Into the growth market: battery manufacturer Saft establishes a China joint venture

Into the growth market: battery manufacturer Saft establishes a China joint venture-saft

French battery and accumulator manufacturer Saft, a subsidiary of petroleum company Total, has signed an agreement with Tianneng Energy Technology, a subsidiary of China’s Tianneng Group, to establish a joint venture to expand its lithium-ion battery activities. Manufacturing will take place at the Gigafactory in Changxing, with a potential capacity of 5.5 gigawatt hours, of which several GWh are already in operation. Saft will have a 40 percent stake in the new joint venture, with Tianneng Group holding the remaining shares.

The joint venture primarily focuses on the development, manufacture and sale of advanced lithium-ion cells, modules and packages for China and the worldwide market. Target markets are e-bikes and electric vehicles as well as energy storage solutions. The partners also plan to expand the Changxing facility to increase its production capacity. In this way they want to meet the future growing demand, which is mainly due to the steadily increasing sale of e-bikes and electric cars and the increasing generation of renewable energies.

Saft, a 100-year-old company specializing in industrial batteries, is also leading a European consortium that includes Siemens, Solvay, Manz, Umicore and Eramet that aims to build a European battery giant.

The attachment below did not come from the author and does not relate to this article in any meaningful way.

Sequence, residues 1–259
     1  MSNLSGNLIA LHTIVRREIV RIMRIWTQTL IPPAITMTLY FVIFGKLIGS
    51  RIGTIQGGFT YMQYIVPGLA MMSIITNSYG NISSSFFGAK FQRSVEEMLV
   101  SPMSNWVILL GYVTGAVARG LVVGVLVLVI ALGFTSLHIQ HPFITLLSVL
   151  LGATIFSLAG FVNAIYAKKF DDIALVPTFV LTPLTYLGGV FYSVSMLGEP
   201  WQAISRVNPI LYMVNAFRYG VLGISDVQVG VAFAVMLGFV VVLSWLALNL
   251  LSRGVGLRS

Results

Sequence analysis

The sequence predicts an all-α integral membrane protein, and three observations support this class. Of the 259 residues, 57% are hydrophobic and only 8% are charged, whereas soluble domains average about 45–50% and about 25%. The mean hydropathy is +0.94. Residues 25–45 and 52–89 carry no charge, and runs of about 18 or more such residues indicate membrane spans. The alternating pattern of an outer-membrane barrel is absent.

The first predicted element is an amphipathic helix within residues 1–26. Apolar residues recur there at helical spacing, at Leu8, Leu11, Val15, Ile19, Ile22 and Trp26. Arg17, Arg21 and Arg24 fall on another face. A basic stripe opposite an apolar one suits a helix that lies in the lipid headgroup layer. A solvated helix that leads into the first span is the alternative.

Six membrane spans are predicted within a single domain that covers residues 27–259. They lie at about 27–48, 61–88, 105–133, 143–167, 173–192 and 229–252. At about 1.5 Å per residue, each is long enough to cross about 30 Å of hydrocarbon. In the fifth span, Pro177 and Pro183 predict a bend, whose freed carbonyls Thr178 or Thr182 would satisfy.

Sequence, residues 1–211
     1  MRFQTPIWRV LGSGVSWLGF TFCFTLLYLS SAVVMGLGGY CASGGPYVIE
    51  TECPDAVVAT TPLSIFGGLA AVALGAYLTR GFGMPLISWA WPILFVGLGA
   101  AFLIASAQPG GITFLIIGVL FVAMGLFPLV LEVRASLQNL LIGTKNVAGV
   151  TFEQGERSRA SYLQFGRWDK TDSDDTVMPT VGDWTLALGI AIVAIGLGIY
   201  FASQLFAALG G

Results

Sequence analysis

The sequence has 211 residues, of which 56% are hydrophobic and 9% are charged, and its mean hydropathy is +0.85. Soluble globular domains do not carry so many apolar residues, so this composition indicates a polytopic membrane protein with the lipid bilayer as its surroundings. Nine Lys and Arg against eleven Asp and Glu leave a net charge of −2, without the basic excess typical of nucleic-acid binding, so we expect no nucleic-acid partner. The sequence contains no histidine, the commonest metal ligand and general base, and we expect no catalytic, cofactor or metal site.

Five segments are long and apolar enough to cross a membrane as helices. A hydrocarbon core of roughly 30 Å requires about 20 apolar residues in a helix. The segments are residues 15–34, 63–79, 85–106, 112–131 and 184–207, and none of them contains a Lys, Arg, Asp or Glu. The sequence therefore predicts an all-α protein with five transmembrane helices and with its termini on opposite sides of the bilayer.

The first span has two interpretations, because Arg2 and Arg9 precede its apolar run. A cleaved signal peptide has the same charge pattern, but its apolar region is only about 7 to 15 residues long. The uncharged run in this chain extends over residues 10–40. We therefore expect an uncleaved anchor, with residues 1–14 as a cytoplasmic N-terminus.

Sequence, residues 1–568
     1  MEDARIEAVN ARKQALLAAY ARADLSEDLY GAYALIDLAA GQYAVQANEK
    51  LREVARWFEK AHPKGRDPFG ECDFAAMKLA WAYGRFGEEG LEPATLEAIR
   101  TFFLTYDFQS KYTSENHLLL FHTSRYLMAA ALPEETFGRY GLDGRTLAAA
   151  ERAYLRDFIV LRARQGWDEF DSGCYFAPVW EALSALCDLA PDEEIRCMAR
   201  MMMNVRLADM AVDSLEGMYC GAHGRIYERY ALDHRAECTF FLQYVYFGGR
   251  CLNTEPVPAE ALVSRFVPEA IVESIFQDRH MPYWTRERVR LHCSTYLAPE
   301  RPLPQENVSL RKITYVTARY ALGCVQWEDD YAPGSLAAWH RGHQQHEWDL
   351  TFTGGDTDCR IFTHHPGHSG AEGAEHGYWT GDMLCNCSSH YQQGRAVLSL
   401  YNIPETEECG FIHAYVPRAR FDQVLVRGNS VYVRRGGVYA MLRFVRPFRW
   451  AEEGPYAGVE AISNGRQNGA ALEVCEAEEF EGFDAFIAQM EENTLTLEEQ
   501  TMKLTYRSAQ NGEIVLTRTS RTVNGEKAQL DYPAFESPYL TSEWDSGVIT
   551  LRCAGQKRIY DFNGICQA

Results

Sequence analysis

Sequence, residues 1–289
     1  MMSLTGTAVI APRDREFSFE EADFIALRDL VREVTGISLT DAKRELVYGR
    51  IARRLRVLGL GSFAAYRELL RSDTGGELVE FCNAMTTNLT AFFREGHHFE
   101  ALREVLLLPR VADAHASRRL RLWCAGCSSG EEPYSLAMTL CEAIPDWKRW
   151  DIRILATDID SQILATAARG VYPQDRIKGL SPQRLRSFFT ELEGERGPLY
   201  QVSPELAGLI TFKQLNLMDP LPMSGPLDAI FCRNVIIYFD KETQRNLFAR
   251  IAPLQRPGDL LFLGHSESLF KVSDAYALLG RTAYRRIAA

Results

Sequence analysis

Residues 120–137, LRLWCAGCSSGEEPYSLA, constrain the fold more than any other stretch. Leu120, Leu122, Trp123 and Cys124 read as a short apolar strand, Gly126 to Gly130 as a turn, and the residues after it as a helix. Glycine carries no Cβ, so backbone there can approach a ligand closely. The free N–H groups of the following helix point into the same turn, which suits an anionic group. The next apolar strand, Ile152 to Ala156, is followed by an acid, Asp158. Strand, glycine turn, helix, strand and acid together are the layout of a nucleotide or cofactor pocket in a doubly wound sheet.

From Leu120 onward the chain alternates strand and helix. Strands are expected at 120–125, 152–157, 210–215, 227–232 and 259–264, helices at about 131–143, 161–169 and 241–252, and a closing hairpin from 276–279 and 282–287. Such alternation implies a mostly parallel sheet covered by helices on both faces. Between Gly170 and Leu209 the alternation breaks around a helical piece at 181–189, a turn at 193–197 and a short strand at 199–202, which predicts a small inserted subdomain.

“The joint venture will allow Saft to work with a Chinese partner, a world-leading lead-acid battery manufacturer looking to expand its lithium-ion activities. This will also give Saft access to China’s booming battery market and competitive mass production capabilities to accelerate its growth.Patrick Pouyanne, CEO of Total

“This partnership allows us to benefit from Saft’s 30-year experience and strong technical leadership in lithium-ion cells,” added Tianren Zhang, Chairman of Tianneng. “Saft’s excellent reputation for high quality products will be critical in giving the joint venture the credibility essential to growing our business.”

Ghislain Lescuyer, CEO of Saft, is confident that the new joint venture will allow his company to significantly increase its presence in the Chinese market. He assumes that by 2025, more than 40 percent of global demand for lithium-ion batteries will come from China.

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